and immobilities. The question of generation in Fisker’s Chapter 11 arises in a ‘mobile with’ situation that allows Mimi, in an iron lung, to be moved to the window to see her young child playing in the courtyard outside the hospital ward. Fisker makes the case that there are useful lessons to be learned from the potential of mobilities that are enabled by family, or others, that may inform future planning for less mobile older people living in situations where the interaction with family and others is altered. Both Klinger (Chapter 9) and Gilroy et al. (Chapter 3) are concerned with the circular affects of transitions on older people and their mobilities. Transitions may occur as a result of aging (for example hearing loss or stopping child care) and have an affect on mobilities (Gilroy et al.). The key life events that Klinger discusses may be the result of decisions taken in anticipation of limitations to mobilities in older age. On the other hand the limitations to mobilities that returning immigrants experience, according to Kalaw in Chapter 12, seem to come as something of a surprise and certainly a disappointment: Filipino males who have spent many years working abroad and providing for family back home in the Philippines, return home to find that they are less able to pick up previous (generally physical) occupations due to diminished physical fitness as these occupations have not been practised for a long time. Fourth is the co-constitution of generational mobilities and urban space.

Over a 24-hour period of observing a ‘shared space’ in Brighton, Murray and Robertson (Chapter 8) found a shifting of generationally identified dominance: the maximum diversity of generations was observed in the middle of the day but at night time groups of young adults were dominant. The effect of the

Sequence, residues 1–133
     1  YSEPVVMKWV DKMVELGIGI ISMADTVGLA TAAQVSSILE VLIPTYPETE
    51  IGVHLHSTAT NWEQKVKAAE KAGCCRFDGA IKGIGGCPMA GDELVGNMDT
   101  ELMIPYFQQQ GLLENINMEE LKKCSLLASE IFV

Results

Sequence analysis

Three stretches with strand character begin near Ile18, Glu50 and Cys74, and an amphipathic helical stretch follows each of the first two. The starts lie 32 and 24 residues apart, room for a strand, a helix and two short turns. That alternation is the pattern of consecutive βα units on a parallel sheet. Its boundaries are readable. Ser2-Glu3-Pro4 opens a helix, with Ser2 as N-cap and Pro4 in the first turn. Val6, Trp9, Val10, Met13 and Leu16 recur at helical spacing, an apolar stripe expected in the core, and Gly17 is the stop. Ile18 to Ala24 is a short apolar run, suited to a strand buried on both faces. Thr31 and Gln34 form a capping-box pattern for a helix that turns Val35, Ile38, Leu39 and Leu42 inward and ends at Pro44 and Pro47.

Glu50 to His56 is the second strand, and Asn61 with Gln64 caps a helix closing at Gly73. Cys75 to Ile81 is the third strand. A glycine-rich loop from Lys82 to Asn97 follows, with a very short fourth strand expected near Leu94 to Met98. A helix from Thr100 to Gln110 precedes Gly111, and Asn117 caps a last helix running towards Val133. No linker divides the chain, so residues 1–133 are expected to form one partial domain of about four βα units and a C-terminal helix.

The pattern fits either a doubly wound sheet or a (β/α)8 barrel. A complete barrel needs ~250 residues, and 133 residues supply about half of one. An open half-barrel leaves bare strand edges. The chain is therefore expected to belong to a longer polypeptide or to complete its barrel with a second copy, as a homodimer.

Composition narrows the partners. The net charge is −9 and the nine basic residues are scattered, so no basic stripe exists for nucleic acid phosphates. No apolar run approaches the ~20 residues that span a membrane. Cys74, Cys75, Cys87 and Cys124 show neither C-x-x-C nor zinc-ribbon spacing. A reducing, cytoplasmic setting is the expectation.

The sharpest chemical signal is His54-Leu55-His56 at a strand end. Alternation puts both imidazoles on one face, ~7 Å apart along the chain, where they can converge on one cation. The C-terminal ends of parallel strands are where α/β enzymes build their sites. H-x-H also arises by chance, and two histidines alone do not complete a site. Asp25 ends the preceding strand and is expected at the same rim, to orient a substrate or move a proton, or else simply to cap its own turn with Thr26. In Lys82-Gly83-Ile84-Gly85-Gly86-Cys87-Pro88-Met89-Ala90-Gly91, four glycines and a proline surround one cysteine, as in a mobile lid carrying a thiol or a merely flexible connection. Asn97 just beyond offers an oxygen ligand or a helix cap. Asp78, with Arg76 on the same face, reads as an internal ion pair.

changes in generational diversity had a marked impact on the spatial practices of the shared street space, and this effect appeared to be self-perpetuating: the narrower range of generations dominating the space had a negative impact on encouraging a broader range of generations to share the space. Meanwhile Johnson in Chapter 4 describes how the relationships between mothers (and other relatives) and daughters apply pressures that move street-connected girls in Nairobi in and out of education and working on the streets. Intergenerational cultures of mobilities, in this collection, are defined in various ways: here most clearly identified in the expectations, anticipations and perceptions of those interviewed as participants of the research. These are cultures that are experienced rather than assumed or observed by others; they are immersive, and we have drawn attention to the mobilities within and around the edges of these cultures, as they change within and across generations. Effects of speed on mobilities as an aspect of culture are seen in Murray and Robertson, and elucidated in Harley’s detailed examination of the modes of travel that different generations engage in while using a mobile phone. Both of these studies were made in the same ‘shared space’, clearly demonstrating how the slowed down nature of the space allows for a different kind of scrutiny. A pervading theme throughout is the embodiment of age – how the body

feels and moves and feels as it moves – becomes a far more complex concept when taken to stages of the lifecourse and generation. The evidence and perceptions of injustices that are captured in the chapters here are material, embodied; they are felt and affect the day-to-day lives of those identified as ‘different’. Reaction and rejection and an understanding of tolerance and friction on the basis of perceived differences of mobilities expand through the focus of intergenerationality, with a number of adjacent themes emerging from the chapters, including the intersections of gender, the specific nature of relationships and networks whether inter-or extra-familial, the significance of economic, educational and health-related profiles, and the use of technologies. Journeys through time and space are both real and imagined, and the

sharing of these experiences is important in identifying where and when injustices occur so that we can take pre-emptive actions. The stories recounted in this collection draw attention to the spatial significance of mobilities, in terms of scope, scale, frequency and distance. Just as ‘age’ has become an increasingly ambiguous, mutable term, we contend that perceptions of the relationship between age, space and place have become very much more potent as characteristics of the lifecourse.